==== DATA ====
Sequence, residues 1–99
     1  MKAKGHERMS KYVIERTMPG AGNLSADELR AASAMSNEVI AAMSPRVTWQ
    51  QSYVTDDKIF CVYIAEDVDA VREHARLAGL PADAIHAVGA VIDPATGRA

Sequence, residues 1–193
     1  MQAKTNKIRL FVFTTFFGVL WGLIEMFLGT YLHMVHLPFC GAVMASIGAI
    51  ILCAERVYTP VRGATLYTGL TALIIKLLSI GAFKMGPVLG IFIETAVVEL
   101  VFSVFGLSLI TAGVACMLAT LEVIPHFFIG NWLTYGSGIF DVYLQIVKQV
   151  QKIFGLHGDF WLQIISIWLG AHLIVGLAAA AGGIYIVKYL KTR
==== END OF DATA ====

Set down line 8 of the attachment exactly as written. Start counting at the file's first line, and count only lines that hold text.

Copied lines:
   151  QKIFGLHGDF WLQIISIWLG AHLIVGLAAA AGGIYIVKYL KTR